Coffee traditions all over the world

The role of coffee in human life varies enormously. For some, coffee is a way to wake up, others only drink coffee because they think it is very tasty. So, in a way, coffee is very functional. But coffee also has a social aspect. After all, it is the heart of many social gatherings around the world.

Each country has its own coffee traditions. While in one country it is quite normal to enjoy steaming Americanos all day long, while in other countries this is not done. The same applies to espresso: in some countries they drink several cups of espresso every day, in other countries they don’t drink espresso at all. In which country does which coffee tradition apply?


When you say coffee, you say Italy. Here, coffee is usually consumed as an espresso - which is called un caffè in Italy (not espresso). Americanos are often only sold to tourists. In Italy you usually drink coffee while standing at the coffee bar. A quick shot of espresso gives you the energy you need to start the day off right.

Italians only consume cappuccino in the morning, at other times of the day this is a no go. This taboo is a result of their obsession with digestion. In Italy they believe that drinking a cappuccino in the afternoon is too heavy for the digestive system. So: if you order a cappuccino in Italy after 11 a.m., you run the risk of being labeled as a tourist right away.


Mexico is one of the largest coffee producing countries in the world. It produces 60% of all coffee worldwide. You would therefore say that Mexico has a rich coffee culture that was established centuries ago. However, this is not the case, as Mexico has not embraced its coffee culture until recently. Many restaurants served instant Nescafé coffee. That is because the most consumed hot drink in Mexico is tea, and hot chocolate is more popular than coffee.

In urban centers such as Mexico City, there are now many bars serving first-class coffee, grown at higher altitudes. This delicate coffee has a mild acidity and is known for its exceptional complex and flavorful taste.

Café de olla is the traditional Mexican coffee. The Mexicans serve their coffee in a clay pot (an olla). They filter the dark roasted coffee with a very fine sieve. It is served with piloncillo, a brown sugar with smoky caramel flavor. It is common to enjoy the coffee with a cinnamon stick for extra flavor.


The habit of drinking coffee from roasted coffee beans originates in Arabia. The earliest written record of coffee comes from Arab scholars. They wrote that coffee was useful in keeping them awake while they had to work for hours and hours.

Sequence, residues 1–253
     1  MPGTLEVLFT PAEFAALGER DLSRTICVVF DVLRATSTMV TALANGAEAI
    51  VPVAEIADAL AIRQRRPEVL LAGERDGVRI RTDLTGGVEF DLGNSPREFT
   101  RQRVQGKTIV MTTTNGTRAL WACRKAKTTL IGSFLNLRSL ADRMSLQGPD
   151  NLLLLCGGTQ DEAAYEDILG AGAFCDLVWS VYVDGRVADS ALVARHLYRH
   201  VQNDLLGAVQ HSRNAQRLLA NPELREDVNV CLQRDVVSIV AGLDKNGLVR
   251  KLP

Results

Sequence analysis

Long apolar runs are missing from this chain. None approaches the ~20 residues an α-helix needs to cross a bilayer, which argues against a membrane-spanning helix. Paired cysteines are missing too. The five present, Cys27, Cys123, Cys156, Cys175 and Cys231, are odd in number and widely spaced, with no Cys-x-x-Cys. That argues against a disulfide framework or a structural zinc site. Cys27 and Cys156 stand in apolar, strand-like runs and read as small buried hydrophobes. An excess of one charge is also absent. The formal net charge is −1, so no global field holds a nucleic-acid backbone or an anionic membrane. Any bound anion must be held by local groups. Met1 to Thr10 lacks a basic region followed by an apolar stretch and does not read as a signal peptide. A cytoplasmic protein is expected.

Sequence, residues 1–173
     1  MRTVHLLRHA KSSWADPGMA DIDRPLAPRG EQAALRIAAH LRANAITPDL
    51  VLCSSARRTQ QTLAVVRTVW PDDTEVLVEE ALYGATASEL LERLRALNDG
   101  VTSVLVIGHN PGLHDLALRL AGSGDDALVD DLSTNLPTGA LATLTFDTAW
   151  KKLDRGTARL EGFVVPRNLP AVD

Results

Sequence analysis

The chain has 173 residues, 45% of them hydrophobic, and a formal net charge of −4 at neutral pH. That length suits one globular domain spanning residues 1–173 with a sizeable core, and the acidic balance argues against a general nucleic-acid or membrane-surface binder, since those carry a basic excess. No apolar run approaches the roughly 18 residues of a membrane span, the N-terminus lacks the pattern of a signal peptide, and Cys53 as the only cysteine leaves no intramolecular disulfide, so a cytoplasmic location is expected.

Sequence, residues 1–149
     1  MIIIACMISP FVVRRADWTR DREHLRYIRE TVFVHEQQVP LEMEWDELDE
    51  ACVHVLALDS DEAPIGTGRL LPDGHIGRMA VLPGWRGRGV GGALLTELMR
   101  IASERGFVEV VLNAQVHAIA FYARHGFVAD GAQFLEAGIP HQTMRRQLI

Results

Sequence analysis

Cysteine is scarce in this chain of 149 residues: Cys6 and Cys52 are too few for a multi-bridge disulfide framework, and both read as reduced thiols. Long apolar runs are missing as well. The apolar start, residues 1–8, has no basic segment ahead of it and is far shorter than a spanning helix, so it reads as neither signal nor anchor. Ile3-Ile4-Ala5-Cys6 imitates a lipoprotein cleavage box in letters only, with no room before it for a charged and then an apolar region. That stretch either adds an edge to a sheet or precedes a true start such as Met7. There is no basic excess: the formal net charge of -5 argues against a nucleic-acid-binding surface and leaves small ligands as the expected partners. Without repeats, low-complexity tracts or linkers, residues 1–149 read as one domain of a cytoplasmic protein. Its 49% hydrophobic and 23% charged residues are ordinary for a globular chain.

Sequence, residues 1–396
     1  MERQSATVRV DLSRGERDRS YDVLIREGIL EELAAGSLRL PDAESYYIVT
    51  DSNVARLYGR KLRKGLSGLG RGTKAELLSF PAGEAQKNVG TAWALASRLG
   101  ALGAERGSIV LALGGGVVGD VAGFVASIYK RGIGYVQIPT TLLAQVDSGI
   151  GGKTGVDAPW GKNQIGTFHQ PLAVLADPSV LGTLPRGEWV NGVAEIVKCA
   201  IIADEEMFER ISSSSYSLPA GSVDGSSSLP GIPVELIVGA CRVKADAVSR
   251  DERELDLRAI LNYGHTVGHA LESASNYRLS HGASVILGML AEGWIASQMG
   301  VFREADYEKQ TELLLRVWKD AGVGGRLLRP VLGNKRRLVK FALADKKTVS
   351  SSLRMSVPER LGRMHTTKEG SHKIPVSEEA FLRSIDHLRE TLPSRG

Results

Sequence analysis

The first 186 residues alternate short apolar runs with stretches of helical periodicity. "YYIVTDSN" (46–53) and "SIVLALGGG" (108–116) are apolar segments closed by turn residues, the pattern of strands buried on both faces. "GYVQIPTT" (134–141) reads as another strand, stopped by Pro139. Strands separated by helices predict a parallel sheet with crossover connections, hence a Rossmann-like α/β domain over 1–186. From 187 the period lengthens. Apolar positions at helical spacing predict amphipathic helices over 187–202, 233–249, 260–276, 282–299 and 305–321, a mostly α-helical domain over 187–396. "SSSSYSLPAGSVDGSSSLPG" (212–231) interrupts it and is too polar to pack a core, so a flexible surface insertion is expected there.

Arabia therefore has a rich coffee history. Coffee has been an important aspect of hospitality in Arab societies for centuries. It is a ceremonial act of generosity. There are therefore strict guidelines for preparing coffee for guests.

The preparation of the coffee starts with the selection of the beans, which are lightly roasted in a shallow pan over a small coal fire. Then they pound the beans in a copper mortar. The coffee then ends up in a large copper coffee pot. They add water to the pot and put it on the fire. When the coffee is brewed, it is poured from the large pot into a smaller coffee pot, to be enjoyed again in smaller cups. It is important that the oldest guests receive the first cup.


When you say Austria and coffee, you say Wiener Melange. This Viennese coffee combines dark roast coffee with milk, which is topped off with frothed milk. If you're lucky, they'll add another good dollop of whipped cream to your coffee.

Austria is best known for its Kaffeehäuser (coffee houses). People in Austria not only buy coffee as a quick to go, they often consume it in Kaffeehäuser where they spend hours reading the newspaper, for example, and discussing new ideas with others. It's a real social affair.


A coffee ceremony in Ethiopia is an important part of the country's social and cultural life. An invitation to a coffee ceremony is therefore regarded as a sign of friendship or respect and is an expression of Ethiopian hospitality. This special ceremony often lasts a few hours.

Usually a young woman leads the ceremony, dressed in a traditional Ethiopian costume, a white dress with colored woven edges. On a bed of long grasses she sets up the jebena, a traditional Ethiopian coffee jar made of clay. She then roasts the coffee beans in a flat pan over a small charcoal oven. The aroma of the coffee mingles with the aroma of incense, which is always burned during the ceremony.

When the coffee beans are black and shiny, they are ground with a pestle in a mortar. The leader of the ceremony slowly stirs the ground coffee in the jebena (coffee pot), which is round at the bottom and covered with a straw lid. The coffee is passed through a fine sieve several times, as the ground coffee is anything but evenly ground.

Then they send out the youngest child to announce when the coffee will be served. The youngest child is then ready to give the first cup of coffee to the oldest person in the room. In Ethiopia they drink the coffee with a lot of sugar. Popcorn is almost always served with coffee.


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